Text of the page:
[Edit answer moved from OP edit to "Answers" as per comment suggestion]

I'm trying to create a simple model of a signal chain (image sensor) that includes an ADC but I'm failing to observe quantization noise. I'm afraid I'm missing big points about quantization noise. [Will assume Matlab for pseudo code]

Let's assume that the input signal has a range between 0-1 Volts and the ADC has N bits with LSB=1/2^N (eg 8 or 10).

My input signal average is centered in the range and let's assume that the standard deviation is a certain percentage of the ADC LSB (alpha): I=0.5+alpha*LSB*randn(10000,1)

I'm modeling the ADC as a quantizer like so: Iq=round(I/LSB)

I evaluate the noise of the quantized image as Iq_std_meas = std(Iq)

Case 1) If alpha>>0.5 then the signal swing is big compared to the LSB. I'm expecting to be able to model the output noise as Iq_std_model = alpha+1/sqrt(12) but it seems that a better model is Iq_std_model = alpha since the quantization error becomes insignificant.

Case 2) If alpha<<0.5 I'm expecting to be able to model the output noise as such: Iq_std_model = 1/sqrt(12) but obviously Iq_std_meas tends to 0 the lower alpha becomes.

Note that for any value of alpha I can observe quantization noise as 1/sqrt(12) by just taking: std(I-Iq)

It seems I can't measure the final noise as Iq_std_meas = std(Iq). What is the fundamental point that I'm missing?

  • $\begingroup$ What kinda ADC is it? If it's a ΣΔ ADC, the quantization noise will be sorta gaussian. But if it's a "conventional" ADC, the quantization error will be uniform p.d.f. I guess it looks like, from your code, that your model is of a conventional ADC. $\endgroup$ Commented Sep 20, 2023 at 16:30
  • $\begingroup$ Correct, I'm trying to model a conventional ADC (Iq=round(I/LSB) and hope it can be modeled using a gaussian approximation $\endgroup$
    – Knyq
    Commented Sep 20, 2023 at 16:39
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    $\begingroup$ That would be an inaccurate model. It's a uniform p.d.f. quantization error having zero mean (because you're using round() instead of floor()) with variance of $\frac{\Delta^2}{12}$ and it's bandlimited (to the Nyquist frequency) white. Now, for most modeling purposes (such as noise shaping or something), it probably wouldn't hurt to replace the uniform p.d.f. with gaussian p.d.f. having the same mean and variance and spectrum (uncorrelated samples). If your signal swing is large, you can get away with it. $\endgroup$ Commented Sep 20, 2023 at 17:46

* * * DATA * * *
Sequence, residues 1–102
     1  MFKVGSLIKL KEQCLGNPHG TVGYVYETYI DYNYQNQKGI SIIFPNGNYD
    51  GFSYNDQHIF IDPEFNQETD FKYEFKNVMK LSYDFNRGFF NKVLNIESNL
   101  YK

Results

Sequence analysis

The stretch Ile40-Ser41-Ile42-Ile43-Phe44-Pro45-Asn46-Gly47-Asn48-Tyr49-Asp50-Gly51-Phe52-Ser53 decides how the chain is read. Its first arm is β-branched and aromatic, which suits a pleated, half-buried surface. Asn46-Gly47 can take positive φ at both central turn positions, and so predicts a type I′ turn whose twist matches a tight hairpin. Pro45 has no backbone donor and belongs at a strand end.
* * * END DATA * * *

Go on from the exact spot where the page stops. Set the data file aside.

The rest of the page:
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    $\begingroup$ @robertbristow-johnson I think you're aiming for application of the central limit theorem and getting to Gaussian PDFs that way. It does get a bit ugly, though, for insufficiently dithered signals, because the CLT depends on independently identically distributed variables, and that quantization noise becomes correlated if there's few LSBs of change between the sales that get filtered! $\endgroup$ Commented Sep 20, 2023 at 22:09
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    $\begingroup$ I don't disagree. I just think that when I have been doing noise-shaped quantization in the past, I knew the error coming out of the quantizer was uniform p.d.f. but I only worried about the mean and variance and filtered this just like it was AWGN with a bandwidth of Nyquist. The behavior came out virtually the same as if it really was AWGN having the same mean and variance. $\endgroup$ Commented Sep 20, 2023 at 22:14

1 Answer 1


I'm expecting to be able to model the output noise as Iq_std_model = alpha+1/sqrt(12)

That's the big fundamental point that I was missing. Standard deviation sums in quadrature, duh! Using Iq_std_model = sqrt(alpha^2+1/12) works quite well when simulating Case1


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